By NEMS Daily Journal
Almost every major state agency and service provider makes the rounds of civic clubs, newspapers, television stations and other large venues during legislative sessions, making their case for stronger public funding.
Mississippi’s 15 community and junior colleges – represented by statewide community colleges chief Eric Clark – make an articulate and persuasive argument for a goal already adopted unanimously during the 2007 legislative session called “mid-level funding.”
The formula is straightforward: Fund community colleges on a per student basis that is halfway between K-12 public schools and the regional universities – Delta State, Valley State, MUW and Alcorn State.
The formula, supporters note, has the same status in law as the Mississippi Adequate Education Program which, like mid-level, is underfunded despite language telling the Legislature the program “shall be” funded, the words that supposedly leave no wiggle room. The wiggle is pronounced for both funding formulas, in part because of the recession that began in late 2007 and its continuing effect on Mississippi’s economy and tax revenues.
Clark, in an interview at the Daily Journal last week, said reaching the mid-level funding of $5,643 would cost $77 million in additional appropriations for the community colleges.
Clark, however, is more pragmatic than some advocates who go to the Legislature seeking money; he said the 15-school system would settle for “significant” progress toward reaching mid-level funding, and that provides space for negotiations with the Legislature and governor.
Clark, a former legislator and secretary of state, understands the process and the bargaining that eventually goes on in committees and among members of the House and Senate.
Clark cites encouraging but not huge increases in sales tax revenues measured against projections for the 2012 budget cycle, which ends June 30 and that will factor in projections for the 2013 budget, beginning July 1. In the first seven months of the 2012 cycle, collections are ahead of projections by $85.3 million, suggesting an upturn in spending, which logically has some basis in a strengthening economy.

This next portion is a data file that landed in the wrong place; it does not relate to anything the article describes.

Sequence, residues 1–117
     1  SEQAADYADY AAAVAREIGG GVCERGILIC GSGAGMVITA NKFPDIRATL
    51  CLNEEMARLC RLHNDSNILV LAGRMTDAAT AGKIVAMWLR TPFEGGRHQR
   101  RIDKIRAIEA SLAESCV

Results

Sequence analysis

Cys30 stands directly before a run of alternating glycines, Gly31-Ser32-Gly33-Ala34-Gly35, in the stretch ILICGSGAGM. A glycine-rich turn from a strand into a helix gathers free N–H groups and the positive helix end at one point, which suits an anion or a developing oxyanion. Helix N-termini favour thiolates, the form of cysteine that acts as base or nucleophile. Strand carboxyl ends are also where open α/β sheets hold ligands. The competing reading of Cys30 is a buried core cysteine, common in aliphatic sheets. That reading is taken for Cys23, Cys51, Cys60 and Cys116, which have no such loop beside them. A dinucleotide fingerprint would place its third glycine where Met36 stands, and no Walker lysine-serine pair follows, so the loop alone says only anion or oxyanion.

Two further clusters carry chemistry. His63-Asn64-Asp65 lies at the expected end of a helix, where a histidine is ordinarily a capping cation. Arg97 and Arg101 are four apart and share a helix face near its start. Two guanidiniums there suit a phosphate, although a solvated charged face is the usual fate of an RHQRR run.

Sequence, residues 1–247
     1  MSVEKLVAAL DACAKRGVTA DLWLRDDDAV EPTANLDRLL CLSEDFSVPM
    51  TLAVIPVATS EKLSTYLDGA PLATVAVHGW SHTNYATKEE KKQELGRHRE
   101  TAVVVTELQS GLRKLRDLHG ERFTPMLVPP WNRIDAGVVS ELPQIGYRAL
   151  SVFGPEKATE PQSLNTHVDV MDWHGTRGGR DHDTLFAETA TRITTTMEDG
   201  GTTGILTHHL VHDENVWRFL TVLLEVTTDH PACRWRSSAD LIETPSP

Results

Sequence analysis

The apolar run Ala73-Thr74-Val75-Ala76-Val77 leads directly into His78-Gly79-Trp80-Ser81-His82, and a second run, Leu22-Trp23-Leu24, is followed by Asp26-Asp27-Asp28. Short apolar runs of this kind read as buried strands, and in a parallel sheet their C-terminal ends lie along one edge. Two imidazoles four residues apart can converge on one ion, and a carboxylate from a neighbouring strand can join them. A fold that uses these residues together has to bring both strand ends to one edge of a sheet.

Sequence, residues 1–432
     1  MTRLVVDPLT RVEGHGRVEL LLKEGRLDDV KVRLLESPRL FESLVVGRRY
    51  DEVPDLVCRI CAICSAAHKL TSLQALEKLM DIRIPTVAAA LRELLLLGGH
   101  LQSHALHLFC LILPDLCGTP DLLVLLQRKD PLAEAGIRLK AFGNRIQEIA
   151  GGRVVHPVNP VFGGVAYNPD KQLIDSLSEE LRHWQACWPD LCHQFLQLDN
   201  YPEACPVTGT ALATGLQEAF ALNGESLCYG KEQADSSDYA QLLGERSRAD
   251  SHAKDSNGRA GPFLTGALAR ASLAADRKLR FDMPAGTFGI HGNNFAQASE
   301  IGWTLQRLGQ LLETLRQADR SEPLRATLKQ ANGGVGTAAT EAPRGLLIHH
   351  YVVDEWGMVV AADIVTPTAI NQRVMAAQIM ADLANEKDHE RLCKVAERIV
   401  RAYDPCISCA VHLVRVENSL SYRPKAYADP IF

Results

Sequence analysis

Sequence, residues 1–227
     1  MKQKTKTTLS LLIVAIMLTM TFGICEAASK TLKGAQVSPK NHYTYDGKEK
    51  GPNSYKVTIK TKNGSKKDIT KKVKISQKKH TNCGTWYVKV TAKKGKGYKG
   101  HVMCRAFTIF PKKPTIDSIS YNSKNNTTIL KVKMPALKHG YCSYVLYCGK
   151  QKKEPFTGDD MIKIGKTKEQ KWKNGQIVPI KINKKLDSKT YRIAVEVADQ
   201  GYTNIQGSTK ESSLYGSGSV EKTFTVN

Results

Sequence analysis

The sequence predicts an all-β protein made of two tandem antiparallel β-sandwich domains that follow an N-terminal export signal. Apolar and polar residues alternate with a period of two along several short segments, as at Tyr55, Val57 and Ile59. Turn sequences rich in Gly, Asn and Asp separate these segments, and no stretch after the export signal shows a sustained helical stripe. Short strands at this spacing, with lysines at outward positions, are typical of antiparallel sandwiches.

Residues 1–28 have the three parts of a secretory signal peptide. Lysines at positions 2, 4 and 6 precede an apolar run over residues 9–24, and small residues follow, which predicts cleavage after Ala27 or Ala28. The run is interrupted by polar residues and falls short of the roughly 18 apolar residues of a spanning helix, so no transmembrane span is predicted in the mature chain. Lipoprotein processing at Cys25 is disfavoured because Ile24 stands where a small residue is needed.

The record on mid-level funding has been mostly downhill, with the gap between appropriations and the goal ranging from a low of 16 percent in 2009 to 39 percent in the 2012 budget.
In addition, the whole system dramatically has lost ground in per student funding since 2000 – from $4,522 to $3,424 in 2012. In roughly the same period enrollment has surged to more than 85,000, with about 250,000 Mississippians taking some kind of course – academic or work force – every year through a community or junior college.
The impact, Clark notes, is the fastest turnaround on state investment of any educational program.
The community colleges historically have enjoyed strong support within their districts, the zones designated by the state so that each region has a comity college.
Northeast, Itawamba, Northeast and East Mississippi community colleges all enroll students from Northeast Mississippi counties. Their combined enrollment is about 25,000 larger than either the University of Mississippi or Mississippi State, the two largest comprehensive universities statewide.
The key to getting legislators’ attention on funding issues is constituent contact, and that would include students, faculty, parents, trustees, alumni, county boards of supervisors and the business community, which benefits from the work force services provided, especially at the community colleges in Northeast Mississippi.
If revenue collections continue to increase above projections the Legislature will spend the money; we hope a fair share can be appropriated for the under-funded community and junior colleges.